My personal resolution for the 2020s is pretty standard: To be more fit. I already took my brother to my local gym and we had a good workout there earlier this week, and I have been taking walks every day, as well as improving my diet.
With a huge decline in sales of traditional interchangeable lens digital cameras throughout the 2010s, camera makers have been eliminating or stopping development on their lower-cost cameras and concentrating on higher end, larger cameras. Samsung completely exited the camera market (except for their smart phone cameras).
Nikon proposed a small inexpensive mirror-less interchangeable lens format in the early 2010s (the Nikon 1 mount); Nikon 1 cameras and lenses were even available at CostCo in 2012. Pentax had their even smaller Q mount.
Here in the early 2020s, the Nikon 1 mount and the Pentax Q mount are no more. Nikon has made a new expensive large sensor Z mount, Canon now has their RF big mount format, and Panasonic is making large sensor Leica L mount cameras and lenses. Fuji has released their even bigger and even more expensive GFX100 camera.
The only smaller interchangeable lens format to survive the bloodbath of the 2010s is Micro Four Thirds. It would appear that Panasonic is putting this format on the back burner; most of their new releases have been for the bigger, more expensive full frame Leica L format, and Panasonic has been giving their existing Micro Four Thirds cameras and lenses pretty heavy discounts during the holiday season.
The only company who is 100% behind the Micro Four Thirds format is Olympus. It is an open question whether this will remain an economically sustainable business model in the 2020s.
One bit of good news for small camera users is that Sony has a 47 megapixel Micro Four Thirds sensor with over double the resolution (and four times the video resolution) of current Micro Four Thirds cameras. It’s a pretty safe bet that Olympus and probably Panasonic will make updated cameras using this higher resolution sensor.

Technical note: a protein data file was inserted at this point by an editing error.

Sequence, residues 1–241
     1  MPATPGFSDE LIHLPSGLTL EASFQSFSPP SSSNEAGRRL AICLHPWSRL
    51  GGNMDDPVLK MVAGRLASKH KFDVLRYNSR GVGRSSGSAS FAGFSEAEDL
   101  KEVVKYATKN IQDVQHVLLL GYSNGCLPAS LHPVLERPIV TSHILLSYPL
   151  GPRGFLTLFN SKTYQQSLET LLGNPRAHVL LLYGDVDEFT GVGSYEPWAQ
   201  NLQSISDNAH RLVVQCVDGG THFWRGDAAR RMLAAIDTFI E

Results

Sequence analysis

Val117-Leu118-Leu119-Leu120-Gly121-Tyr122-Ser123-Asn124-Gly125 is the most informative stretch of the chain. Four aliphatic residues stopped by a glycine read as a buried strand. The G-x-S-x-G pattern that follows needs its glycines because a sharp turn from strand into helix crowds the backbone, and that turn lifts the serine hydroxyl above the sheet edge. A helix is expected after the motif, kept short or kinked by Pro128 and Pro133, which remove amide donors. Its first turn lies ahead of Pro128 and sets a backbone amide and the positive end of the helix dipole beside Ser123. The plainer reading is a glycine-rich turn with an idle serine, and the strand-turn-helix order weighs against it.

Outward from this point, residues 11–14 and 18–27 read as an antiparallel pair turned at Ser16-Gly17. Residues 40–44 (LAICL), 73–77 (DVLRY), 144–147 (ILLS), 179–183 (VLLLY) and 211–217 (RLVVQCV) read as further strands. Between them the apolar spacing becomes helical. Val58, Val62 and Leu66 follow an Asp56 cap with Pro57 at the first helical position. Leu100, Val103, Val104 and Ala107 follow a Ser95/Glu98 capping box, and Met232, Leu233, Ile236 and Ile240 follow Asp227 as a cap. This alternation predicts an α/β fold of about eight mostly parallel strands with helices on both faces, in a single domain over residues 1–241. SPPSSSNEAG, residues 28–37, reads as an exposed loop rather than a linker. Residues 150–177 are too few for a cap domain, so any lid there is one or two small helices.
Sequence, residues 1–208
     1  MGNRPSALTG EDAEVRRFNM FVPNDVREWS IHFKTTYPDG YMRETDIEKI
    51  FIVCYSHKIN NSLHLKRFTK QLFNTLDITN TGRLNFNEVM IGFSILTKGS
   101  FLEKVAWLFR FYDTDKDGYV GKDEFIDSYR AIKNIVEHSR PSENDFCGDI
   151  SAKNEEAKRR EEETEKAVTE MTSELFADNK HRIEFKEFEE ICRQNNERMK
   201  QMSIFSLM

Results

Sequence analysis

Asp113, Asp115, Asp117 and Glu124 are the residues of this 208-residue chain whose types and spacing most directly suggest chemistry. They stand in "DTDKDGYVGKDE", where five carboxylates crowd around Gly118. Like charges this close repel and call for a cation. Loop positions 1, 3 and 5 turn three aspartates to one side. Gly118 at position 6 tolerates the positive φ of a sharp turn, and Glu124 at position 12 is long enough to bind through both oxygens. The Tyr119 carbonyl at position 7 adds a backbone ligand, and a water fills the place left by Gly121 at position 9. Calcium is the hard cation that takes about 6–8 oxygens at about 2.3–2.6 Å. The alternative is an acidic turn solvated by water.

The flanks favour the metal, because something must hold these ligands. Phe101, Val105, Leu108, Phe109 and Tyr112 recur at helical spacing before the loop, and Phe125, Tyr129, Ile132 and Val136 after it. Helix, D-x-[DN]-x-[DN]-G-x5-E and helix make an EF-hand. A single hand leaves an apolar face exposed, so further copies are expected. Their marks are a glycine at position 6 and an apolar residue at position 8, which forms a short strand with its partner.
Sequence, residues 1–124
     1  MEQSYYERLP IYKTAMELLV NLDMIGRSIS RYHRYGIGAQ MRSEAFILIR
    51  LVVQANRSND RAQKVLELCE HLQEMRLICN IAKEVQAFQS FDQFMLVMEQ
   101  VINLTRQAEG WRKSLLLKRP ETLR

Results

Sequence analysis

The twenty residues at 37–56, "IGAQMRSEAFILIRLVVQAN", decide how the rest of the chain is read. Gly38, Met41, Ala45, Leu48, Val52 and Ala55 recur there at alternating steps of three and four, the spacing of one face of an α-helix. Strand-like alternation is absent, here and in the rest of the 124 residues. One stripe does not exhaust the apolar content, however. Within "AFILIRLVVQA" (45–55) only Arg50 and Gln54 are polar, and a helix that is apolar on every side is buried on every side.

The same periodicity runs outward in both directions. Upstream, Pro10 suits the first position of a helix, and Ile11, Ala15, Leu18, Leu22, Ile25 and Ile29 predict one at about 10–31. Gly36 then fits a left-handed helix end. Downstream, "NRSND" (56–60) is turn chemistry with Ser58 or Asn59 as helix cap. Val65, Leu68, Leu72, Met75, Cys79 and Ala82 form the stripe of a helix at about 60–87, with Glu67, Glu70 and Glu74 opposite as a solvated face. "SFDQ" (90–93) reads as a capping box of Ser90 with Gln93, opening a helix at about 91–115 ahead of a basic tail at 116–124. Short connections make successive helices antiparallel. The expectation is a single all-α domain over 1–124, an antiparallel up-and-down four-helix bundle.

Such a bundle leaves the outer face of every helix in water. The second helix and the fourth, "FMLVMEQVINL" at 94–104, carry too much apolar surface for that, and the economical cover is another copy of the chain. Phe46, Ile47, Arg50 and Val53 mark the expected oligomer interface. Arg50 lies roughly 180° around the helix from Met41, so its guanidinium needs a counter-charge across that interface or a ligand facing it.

I predict that AI will become mainstream in the 2020s. Intel is already starting to make chips with dedicated AI functionality, and GPUs are concentrating more on AI-style computation and less on making even higher resolution video game graphics.
The long standing trend of offering more per-core performance every year is tapering off; improvements year to year in single core performance are modest. What is changing is that chips are putting more and more cores in to the same sized chip die with the same power usage for portable computer chip-sets.
Laptops are being used mainly for business purposes; most recreational Internet usage is being done with smartphones. Personally, I can not understand how someone would rather experience the Internet on a tiny phone screen instead of a full sized laptop, but that has been the trend in the 2010s and should continue to be a trend in the 2020s.
In 2010, making a web page render in Internet Explorer 6 was still a thing. This soon changed; these days, most web pages won’t even open in Internet Explorer 6, Microsoft is no longer making their own web page rendering engine, and making a web page render both as a desktop sized page and phone screen sized page is standard practice. By the mid-2010s, even my MaraDNS page was updated to look good on a tiny phone screen. New web page technologies get adopted by most browsers pretty quickly; just as clueless web developers made Internet Explorer-only webpages in the first 2000s decade, clueless web developers now make Chrome-only webpages here in the 2020s.
As for myself, my web page renders even in early 2010s versions of Internet Explorer, and renders nicely on desktop computers, cell phones, and the web fonts have been carefully tuned to look nice across low resolution displays (which, yes, are still around), high resolution displays, phones, and across all mainstream web browsers.
By and large, our society’s values are changing, becoming more secular and ironically more tolerant (Biblical Christianity is a religion of love and tolerence). I predict that, by the end of the 2020s, the Republican party will no longer be a political force at the national level in the US. Ever since the 2004 presidential election, young voters have been voting for Democrats. As baby boomers die off during the 2020s and young people are vote more regularly, Republicans are losing voters every year.
While there is a backlash against the witch-hunting extremists, #MeToo will become a positive force, putting men in a position where they will respect women as human beings more than was standard in previous decades.
I remember, in the mid-1990s, when a rather promiscuous lady I knew about got a new job. Stories of her sexual escapades instantly became office gossip, and she was quickly fired. None of the men who slept with her suffered any consequences for their actions. With #MeToo, those days are hopefully behind us.
I think the world my daughter will grow up in will be a better place for women than the world that existed when I was growing up. I am looking forward to the 2020s.
Comments are closed.